Childhood Eye Condition Linked to Psychiatric Disorders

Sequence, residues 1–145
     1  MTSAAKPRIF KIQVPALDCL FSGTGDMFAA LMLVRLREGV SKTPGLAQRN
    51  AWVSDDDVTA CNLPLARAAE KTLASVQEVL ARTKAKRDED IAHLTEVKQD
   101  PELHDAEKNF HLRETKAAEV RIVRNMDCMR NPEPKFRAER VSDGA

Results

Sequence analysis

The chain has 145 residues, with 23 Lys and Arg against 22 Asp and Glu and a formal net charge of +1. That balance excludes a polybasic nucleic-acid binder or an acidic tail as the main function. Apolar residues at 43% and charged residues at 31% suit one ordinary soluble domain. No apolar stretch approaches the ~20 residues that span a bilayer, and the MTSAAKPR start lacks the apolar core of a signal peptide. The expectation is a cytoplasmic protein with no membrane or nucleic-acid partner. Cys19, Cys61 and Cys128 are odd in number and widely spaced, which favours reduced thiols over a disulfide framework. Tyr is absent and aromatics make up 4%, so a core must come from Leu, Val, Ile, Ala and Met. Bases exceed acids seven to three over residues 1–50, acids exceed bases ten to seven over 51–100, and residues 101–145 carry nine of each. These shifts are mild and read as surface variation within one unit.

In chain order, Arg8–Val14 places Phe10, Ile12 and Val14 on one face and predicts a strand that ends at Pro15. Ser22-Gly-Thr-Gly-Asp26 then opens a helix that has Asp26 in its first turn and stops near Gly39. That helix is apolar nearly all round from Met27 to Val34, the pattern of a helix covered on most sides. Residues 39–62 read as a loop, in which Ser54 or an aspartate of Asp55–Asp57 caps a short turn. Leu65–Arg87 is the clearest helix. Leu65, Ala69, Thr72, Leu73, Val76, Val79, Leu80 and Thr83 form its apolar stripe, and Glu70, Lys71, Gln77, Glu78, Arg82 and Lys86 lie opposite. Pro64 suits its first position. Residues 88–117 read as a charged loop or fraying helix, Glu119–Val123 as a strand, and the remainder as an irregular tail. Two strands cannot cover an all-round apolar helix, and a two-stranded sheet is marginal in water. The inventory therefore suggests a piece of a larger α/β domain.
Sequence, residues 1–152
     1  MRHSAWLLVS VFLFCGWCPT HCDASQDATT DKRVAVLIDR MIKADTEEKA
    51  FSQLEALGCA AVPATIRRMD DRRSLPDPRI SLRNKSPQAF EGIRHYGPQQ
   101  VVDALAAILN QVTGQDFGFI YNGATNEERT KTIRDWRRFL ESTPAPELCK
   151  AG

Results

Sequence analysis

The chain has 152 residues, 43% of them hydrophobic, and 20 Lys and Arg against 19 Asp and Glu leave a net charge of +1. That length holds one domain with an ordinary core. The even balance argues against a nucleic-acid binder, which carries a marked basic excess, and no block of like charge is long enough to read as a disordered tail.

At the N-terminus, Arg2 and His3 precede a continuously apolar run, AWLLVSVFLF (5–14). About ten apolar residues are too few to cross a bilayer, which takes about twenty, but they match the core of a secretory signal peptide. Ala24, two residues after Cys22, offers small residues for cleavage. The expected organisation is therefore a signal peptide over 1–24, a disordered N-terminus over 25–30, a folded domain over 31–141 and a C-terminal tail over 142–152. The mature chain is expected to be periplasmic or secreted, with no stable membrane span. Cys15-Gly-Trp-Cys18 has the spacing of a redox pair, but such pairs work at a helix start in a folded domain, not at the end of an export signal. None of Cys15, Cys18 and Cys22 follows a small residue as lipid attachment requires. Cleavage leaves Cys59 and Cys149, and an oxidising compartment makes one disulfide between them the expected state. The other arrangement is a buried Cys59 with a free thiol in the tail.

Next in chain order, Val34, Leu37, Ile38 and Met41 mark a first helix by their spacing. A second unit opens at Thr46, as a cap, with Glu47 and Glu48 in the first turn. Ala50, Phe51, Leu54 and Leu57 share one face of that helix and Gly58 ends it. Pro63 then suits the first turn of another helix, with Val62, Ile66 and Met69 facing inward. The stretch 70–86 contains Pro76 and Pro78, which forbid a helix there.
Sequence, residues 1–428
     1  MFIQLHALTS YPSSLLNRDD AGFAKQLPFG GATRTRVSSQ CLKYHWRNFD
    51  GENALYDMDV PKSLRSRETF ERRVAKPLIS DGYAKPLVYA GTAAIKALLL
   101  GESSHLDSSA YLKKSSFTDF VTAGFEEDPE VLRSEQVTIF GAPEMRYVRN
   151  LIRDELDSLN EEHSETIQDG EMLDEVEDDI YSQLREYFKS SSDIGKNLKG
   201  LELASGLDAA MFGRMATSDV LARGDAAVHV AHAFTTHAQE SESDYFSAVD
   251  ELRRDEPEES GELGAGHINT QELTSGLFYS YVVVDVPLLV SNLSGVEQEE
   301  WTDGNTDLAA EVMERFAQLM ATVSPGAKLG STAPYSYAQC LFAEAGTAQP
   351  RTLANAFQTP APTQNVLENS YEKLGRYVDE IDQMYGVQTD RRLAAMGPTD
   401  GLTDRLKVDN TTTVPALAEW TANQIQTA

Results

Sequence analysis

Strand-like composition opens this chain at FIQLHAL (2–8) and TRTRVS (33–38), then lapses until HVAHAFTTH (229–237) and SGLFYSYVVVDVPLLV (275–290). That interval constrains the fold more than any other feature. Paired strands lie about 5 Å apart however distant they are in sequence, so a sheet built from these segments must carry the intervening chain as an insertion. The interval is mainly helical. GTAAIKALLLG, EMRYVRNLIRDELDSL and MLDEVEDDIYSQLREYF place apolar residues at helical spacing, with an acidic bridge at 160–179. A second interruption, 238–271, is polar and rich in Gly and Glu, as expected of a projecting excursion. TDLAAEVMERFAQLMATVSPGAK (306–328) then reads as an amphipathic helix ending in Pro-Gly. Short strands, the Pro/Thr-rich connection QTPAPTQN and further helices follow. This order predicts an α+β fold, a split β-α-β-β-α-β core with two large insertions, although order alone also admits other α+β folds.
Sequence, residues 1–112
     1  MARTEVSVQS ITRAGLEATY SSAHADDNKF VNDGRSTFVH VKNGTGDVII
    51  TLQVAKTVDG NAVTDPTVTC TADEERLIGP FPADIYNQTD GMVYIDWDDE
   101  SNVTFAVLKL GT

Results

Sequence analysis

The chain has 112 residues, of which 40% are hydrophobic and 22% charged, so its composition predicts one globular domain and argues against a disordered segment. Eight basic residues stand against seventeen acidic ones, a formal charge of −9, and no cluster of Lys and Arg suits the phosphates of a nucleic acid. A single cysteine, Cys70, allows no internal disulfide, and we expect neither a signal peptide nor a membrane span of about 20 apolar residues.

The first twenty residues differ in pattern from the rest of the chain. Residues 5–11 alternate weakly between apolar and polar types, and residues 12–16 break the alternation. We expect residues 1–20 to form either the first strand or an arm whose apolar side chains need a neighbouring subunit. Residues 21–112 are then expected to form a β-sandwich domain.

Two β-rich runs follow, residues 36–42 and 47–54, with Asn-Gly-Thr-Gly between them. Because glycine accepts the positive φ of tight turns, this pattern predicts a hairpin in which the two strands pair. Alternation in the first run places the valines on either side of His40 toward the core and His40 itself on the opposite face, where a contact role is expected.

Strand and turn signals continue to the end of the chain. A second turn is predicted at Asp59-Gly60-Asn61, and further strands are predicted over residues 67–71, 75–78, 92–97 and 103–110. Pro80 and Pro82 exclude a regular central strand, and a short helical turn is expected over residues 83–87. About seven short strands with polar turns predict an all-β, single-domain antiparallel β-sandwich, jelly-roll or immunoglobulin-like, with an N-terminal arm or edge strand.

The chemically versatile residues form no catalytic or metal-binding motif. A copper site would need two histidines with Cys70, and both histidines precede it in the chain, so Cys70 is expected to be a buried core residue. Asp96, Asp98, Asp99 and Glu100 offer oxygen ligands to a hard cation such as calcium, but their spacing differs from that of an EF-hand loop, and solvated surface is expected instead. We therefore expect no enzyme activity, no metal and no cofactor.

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According to findings recently published in the Archives of Ophthalmology the childhood eye disorder, intermittent exotropia, which occurs in about 1% of developmentally normal children, is linked to increased risk for mental illness in young adults. Children with the eye disorder had almost a threefold increased risk for psychiatric illness by early adulthood. Furthermore, 53% of children with exotropia were diagnosed with a mental health disorder by early adulthood as opposed to 30.1% of controls. According to the researchers, “The increased rates of mental illness in males with exotropia is of particular concern given that males are nearly twice as likely as females to successfully complete suicide… further study is needed to determine whether interventions can decrease or otherwise alter the future development of mental illness.” Click here to read an article from Medpage Today that discusses the study more.

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